Saturday, January 10, 2009

That's what he was when they found him

Striking unanimity among the Illinois fishwraps this morning, eh? Not so much the choice of lead story (even for the most up-to-date present- ation editor, the impeachment of the chief executive is hard to ignore) as the nature of the heds. Only one of eight bothers to include the subject ("Blagojevich"); for the rest, it's just IMPEACHED, above, beside or within a picture of the governor. James Thurber ("Dead. That's what the man was when they found him") must be smiling.

I don't think the topic-comment approach is necessarily bad, misleading or wrong. I do think the evidence suggests that we've passed some sort of watershed in the collective understanding of what makes for necessary elements in a headline or presentation. We're probably not entirely at the rebus stage yet, though that could get kind of interesting too.

It should go without saying that there are far, far worse ap- proaches to the Blago hed than "Im- peached." Charlotte and Detroit manage to get almost everything wrong:
Ill. House votes to impeach
Ill. House OKs impeachment
Sigh. One, Illinois is near the top of the list of States You Never Abbreviate If You Can Help It. It's fun in lots of ways depending on the font, from the numeric
Ill. Men Charged In Mass. Murder
to the Noahic
Ark. Man Kills Ill. Livestock
Two, the active voice is the enemy of cops-and-courts reporting. Particularly in unique-actor cases (you can't get an impeachment at the Home Depot), the object is nearly always more pertinent than the subject.
Three -- pace Orwell, S&W and more news writing gurus than you can shake a bludgeon at -- it's entirely possible for an active subject-verb-object sentence to be indirect. That often comes about when writers fall into the trap of emphasizing process over outcome, leading to sound-like-your-sources yawners on the order of "Police executed a search warrant" (rather than "Police searched a house") or "Police made an arrest" (rather than "Police arrested a naked, screaming, ax-wielding City Council member").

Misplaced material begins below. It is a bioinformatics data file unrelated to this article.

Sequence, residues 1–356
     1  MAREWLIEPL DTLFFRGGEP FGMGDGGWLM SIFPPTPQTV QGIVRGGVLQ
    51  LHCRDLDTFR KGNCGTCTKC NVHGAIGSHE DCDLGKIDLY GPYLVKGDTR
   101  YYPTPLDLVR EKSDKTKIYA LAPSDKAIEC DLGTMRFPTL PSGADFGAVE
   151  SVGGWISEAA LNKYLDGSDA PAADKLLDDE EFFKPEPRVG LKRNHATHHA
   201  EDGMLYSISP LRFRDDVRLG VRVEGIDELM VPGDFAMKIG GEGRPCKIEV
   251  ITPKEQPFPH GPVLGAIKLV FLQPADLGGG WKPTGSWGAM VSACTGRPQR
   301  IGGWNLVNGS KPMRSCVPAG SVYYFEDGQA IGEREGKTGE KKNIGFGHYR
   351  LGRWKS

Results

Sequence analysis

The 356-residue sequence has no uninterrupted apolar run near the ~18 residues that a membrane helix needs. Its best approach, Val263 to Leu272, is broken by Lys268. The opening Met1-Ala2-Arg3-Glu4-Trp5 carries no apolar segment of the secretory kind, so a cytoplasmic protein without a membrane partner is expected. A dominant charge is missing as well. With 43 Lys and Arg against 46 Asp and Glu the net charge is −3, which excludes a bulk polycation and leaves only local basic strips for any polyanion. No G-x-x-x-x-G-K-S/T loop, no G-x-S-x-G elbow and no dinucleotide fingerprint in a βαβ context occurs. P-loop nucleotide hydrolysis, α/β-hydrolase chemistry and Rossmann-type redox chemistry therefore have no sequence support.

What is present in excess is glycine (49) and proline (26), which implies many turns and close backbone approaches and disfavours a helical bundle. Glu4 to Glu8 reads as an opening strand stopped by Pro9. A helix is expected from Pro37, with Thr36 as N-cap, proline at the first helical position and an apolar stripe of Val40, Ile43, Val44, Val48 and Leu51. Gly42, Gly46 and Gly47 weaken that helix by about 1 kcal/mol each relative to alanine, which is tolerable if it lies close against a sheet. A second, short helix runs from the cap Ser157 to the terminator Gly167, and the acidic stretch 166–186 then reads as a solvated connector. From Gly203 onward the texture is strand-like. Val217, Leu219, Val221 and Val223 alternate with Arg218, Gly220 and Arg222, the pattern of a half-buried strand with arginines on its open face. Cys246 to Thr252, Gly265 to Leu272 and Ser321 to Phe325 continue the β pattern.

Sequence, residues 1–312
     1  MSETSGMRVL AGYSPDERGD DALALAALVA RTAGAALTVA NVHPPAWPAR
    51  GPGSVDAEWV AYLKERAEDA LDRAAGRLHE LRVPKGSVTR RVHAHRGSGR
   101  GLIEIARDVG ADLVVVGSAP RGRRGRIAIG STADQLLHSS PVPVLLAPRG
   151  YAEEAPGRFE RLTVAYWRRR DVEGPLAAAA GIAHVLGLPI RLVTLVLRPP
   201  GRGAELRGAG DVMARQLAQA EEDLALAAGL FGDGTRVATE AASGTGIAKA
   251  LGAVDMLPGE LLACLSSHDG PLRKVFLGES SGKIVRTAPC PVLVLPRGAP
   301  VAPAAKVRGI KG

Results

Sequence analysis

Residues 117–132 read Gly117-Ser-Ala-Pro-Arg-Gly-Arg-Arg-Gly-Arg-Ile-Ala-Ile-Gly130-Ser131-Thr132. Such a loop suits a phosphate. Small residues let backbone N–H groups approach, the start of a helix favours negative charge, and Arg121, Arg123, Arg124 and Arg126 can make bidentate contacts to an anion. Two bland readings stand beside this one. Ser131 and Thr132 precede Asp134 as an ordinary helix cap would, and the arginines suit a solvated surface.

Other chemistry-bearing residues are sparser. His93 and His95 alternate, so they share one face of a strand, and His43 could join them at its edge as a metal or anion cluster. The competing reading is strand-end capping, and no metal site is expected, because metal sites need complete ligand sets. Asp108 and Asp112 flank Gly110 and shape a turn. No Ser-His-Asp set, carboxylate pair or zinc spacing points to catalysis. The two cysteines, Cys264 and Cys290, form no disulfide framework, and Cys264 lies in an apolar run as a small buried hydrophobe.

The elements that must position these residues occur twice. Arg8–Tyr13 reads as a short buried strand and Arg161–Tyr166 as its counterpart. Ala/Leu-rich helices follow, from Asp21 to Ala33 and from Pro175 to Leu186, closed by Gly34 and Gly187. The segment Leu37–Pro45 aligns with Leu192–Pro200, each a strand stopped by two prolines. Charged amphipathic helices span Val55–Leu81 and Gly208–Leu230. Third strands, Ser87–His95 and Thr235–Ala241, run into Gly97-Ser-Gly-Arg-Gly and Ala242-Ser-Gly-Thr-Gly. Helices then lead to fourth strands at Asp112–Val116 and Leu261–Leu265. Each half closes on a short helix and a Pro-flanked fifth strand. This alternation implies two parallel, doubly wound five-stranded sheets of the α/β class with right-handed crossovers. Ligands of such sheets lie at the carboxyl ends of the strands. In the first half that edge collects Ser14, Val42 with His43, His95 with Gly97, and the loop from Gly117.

There's nothing wrong with writing an obvious hed, as long as you meet the underlying obligation of the hed business: Tell me why today is different from yesterday. "It's official" and "Pain at the pump" can't do that. "Governor impeached," on the other hand, does it pretty well.

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2 Comments:

Anonymous Anonymous said...

This is one case where the postal state symbols do a body better than the AP-sanctioned traditional abbreviations. "IL" is not so easy to confuse with anything else.

10:37 PM, January 10, 2009  
Blogger fev said...

Good point, and a good argument for not doing stuff the old way merely because we've always done it that way. Still, I would admit to a little possible confusion with AR (AZ) and AK (AR) -- might be just me, might be worth considering before we declare the style change.

Are you sure you don't want to take a swing at the rebus? I was sorta hoping somebody would ...

11:46 PM, January 10, 2009  

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